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Excitation Transfer Theory

Dolf Zillmann

Subject Psychology
Communication Reception and Effects » Media Effects Theories

Key-Topics emotion

DOI: 10.1111/b.9781405131995.2008.x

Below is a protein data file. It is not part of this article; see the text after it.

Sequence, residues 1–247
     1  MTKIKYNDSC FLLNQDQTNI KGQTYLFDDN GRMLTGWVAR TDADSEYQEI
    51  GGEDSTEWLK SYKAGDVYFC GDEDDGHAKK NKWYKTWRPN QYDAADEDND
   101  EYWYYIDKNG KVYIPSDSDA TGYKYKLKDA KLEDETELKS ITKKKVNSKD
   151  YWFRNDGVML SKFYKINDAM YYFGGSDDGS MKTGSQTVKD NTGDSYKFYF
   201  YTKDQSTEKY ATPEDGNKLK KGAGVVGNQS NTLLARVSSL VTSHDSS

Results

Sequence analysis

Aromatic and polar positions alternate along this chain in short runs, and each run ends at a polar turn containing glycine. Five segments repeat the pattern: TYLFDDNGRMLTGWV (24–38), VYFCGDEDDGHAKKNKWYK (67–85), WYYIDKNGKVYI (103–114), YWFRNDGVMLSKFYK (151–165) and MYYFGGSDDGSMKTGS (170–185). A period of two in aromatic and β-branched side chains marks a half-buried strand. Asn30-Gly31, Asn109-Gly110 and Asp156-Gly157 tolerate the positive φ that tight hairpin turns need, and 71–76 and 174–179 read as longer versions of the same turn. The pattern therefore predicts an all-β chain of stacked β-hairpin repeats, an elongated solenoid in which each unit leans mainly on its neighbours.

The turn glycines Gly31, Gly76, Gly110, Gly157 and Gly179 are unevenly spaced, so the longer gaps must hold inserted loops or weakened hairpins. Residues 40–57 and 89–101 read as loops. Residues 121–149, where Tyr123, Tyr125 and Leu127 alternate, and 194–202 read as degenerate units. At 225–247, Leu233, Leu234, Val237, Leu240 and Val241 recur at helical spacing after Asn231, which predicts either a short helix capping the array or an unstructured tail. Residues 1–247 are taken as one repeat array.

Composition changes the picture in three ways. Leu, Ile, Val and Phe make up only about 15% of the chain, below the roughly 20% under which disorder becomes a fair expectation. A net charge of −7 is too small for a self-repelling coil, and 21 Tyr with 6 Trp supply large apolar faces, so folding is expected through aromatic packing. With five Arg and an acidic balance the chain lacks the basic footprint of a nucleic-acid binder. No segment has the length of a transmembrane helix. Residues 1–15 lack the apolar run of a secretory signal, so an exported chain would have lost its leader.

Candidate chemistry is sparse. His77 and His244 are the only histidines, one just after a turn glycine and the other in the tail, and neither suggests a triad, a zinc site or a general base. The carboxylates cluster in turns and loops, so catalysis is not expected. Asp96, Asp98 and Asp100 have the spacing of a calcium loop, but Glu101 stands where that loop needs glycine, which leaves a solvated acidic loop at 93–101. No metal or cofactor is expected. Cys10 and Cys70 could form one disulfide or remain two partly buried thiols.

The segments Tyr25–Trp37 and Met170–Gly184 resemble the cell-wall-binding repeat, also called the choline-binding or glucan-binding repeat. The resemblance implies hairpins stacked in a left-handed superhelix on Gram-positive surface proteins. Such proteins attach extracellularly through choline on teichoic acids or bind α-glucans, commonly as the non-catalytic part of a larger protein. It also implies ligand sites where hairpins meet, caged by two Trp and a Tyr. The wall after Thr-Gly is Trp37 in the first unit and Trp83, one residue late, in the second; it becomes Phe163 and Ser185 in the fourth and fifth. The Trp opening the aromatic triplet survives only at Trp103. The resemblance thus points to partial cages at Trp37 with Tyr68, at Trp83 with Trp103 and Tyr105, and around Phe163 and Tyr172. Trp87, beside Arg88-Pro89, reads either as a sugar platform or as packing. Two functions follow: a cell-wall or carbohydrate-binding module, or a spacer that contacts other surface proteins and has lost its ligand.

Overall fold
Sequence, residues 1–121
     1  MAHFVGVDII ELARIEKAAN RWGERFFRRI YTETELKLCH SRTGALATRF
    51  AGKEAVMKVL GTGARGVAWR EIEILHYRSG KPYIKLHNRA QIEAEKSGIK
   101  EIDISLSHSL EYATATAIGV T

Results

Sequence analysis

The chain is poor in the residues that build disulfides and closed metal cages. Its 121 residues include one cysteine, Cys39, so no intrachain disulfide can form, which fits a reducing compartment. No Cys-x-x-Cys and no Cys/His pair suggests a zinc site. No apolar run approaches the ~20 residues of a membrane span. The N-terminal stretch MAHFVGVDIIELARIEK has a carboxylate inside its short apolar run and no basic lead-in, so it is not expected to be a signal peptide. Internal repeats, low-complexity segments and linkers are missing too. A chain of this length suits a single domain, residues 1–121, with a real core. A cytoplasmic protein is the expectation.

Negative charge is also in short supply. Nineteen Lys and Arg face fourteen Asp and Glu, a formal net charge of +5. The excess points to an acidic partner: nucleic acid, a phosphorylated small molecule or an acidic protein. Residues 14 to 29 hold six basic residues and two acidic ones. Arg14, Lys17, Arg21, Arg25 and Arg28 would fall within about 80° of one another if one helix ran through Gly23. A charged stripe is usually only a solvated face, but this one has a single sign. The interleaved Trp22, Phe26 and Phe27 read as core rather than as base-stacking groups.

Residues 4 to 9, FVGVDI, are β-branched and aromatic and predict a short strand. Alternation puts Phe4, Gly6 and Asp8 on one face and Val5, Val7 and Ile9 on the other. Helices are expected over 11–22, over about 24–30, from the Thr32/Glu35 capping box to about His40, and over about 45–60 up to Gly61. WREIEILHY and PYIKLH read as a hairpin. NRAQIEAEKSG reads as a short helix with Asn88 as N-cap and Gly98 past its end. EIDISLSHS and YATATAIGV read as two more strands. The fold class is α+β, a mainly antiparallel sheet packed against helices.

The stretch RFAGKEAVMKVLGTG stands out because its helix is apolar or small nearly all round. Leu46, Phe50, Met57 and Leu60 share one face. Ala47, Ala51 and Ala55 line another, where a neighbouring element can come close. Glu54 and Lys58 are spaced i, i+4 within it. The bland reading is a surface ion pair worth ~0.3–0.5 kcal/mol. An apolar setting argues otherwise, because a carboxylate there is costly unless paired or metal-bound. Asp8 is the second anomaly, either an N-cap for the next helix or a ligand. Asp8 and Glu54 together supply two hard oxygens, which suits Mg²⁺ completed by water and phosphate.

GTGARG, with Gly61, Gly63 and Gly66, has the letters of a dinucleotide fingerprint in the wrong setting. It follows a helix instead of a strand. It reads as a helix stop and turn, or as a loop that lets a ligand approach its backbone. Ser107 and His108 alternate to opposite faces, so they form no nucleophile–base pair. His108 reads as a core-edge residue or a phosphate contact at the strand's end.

The theory of excitation transfer addresses sequential dependencies in emotional reactivity. Specifically, it predicts an enhancement of emotional reactions to immediately present emotion-arousing situations by portions of excitation that are left over from preceding related or unrelated emotion-arousing situations (→  emotion ; Excitation and Arousal ). The theory operationalizes excitation primarily as dominance of sympathetic activity in the autonomic nervous system and treats this activity as the main determinant of the intensity of emotional behavior and experience ( Zillmann 1983, 1996 ). Excitation transfer theory was initially advanced and tested to explain emotional reactivity in immediate social interactions. It equally applies, however, to emotional reactivity evoked by exposure to communication. Excitation transfer may be created by emotions from message exposure and affect emotions in social interactions, be created by emotions from social interactions and affect emotions from message exposure, and be both created by and affect emotions from message exposure ( Zillmann 2006 ). Excitation transfer theory is based on marked differences in the time course of cognitive and excitatory adaptation to changes in conditions that arouse emotions. Cognitive adjustment to situational changes is quasi-instantaneous because of the exceedingly fast neural mediation of cognition. ... log in or subscribe to read full text

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